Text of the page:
Thursday 10 March 2011

Leading signal for oscillators #3

Following on from the previous two posts about creating a leading indicator for oscillators, I have decided not to use the high pass filter I was using. The reason for this is that in the presence of a trend the high pass filter tends to drift upwards in an uptrend or downwards in a down trend with the result that the filter ends up being centred around a non zero mean. The high pass filter has now been replaced by Ehler's "Cybercycle" which does not suffer from this problem.

Below there is a video showing the leading indicators in action on real life data, the data being continuous, back adjusted futures for the Live Cattle contract, covering approximately a year's worth of data up to and including the 8th March 2011.

The upper graph is obviously a candlestick chart of the data with colour coded bars, but also plotted is Ehler's "Instantaneous trend line" in blue and the Cybercycle Tukey control chart upper control lines and lower control lines, in dotted yellow, mapped on to the price chart. The first sub graph is the actual Cybercycle indicator with its leading functions and its Tukey control chart upper control line and lower control line. The one bar, two bar, three bar and four bar leading functions of the Cybercycle are coloured yellow, green, cyan and white respectively. The second and third sub graphs are a band pass filter applied to the Cybercycle and Ehler's "Sine wave Indicator" applied to the Cybercycle, and both follow the colour scheme as above.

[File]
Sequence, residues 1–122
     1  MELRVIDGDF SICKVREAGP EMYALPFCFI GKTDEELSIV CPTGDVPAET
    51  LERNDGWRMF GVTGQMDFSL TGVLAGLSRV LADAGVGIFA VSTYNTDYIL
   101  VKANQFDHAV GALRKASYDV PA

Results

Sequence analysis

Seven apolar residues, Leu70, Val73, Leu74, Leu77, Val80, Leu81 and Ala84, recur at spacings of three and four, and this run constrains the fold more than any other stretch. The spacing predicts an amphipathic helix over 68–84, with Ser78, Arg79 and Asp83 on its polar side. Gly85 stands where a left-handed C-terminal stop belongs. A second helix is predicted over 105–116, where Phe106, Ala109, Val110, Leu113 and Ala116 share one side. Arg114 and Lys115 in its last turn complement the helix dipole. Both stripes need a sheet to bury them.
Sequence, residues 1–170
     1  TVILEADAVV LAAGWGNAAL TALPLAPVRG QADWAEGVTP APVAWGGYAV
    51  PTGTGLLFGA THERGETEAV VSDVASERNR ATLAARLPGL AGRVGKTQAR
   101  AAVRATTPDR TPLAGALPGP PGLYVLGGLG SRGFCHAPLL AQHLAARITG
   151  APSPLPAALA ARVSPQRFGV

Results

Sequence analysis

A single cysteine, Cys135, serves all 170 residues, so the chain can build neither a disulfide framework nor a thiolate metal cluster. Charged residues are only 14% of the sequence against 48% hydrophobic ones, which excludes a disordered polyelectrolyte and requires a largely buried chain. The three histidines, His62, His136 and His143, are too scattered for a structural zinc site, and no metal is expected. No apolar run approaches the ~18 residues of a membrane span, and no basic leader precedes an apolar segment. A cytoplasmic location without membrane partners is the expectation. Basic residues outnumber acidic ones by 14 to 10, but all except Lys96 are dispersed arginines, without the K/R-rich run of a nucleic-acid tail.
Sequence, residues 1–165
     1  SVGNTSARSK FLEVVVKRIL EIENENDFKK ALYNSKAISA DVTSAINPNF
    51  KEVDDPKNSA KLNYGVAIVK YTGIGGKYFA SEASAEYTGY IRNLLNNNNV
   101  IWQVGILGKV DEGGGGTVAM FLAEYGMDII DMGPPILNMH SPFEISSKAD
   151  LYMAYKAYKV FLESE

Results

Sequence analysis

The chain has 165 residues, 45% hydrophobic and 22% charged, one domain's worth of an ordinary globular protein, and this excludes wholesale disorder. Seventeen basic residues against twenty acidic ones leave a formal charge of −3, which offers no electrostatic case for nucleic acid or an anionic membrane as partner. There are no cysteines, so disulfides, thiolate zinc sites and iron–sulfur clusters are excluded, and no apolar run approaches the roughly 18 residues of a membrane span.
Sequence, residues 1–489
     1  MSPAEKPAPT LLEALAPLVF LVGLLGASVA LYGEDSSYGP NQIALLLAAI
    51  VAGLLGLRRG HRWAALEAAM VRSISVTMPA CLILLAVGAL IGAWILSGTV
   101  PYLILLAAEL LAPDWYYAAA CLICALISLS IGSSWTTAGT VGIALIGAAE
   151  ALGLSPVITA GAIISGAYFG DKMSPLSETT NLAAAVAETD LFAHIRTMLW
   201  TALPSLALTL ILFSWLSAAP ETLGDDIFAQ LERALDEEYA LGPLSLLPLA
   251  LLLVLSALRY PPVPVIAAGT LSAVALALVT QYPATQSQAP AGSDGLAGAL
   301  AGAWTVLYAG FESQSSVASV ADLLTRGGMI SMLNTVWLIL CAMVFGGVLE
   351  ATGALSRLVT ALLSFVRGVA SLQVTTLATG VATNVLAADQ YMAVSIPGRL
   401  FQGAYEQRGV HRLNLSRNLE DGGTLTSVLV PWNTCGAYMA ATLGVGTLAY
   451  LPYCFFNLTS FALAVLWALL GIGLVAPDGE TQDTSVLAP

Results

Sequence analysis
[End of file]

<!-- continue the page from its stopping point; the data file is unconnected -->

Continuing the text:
It can be seen that in the sub graphs the lines are either solid or dotted lines, as is the trend line in the price chart. When the Cybercycle is "in control" according to the logic of the Tukey control chart the lines in the sub graphs are solid and the trend line is dotted. When the Cybercycle is "out of control" according to the logic of the Tukey control chart the lines in the sub graphs are dotted and the trend line is solid. This is a simple, visual way to determine whether prices are deemed to be trending or possibly cyclic in nature.

In the price chart the bars are coloured green if the Cybercycle is "in control" AND the leading functions of the Cybercycle are "in order" i.e. the four bar lead is leading the three bar lead, which in turn is leading the two bar lead etc. and indicating upwards cyclic action; similarly the bars are coloured cyan if downwards cyclic action is indicated.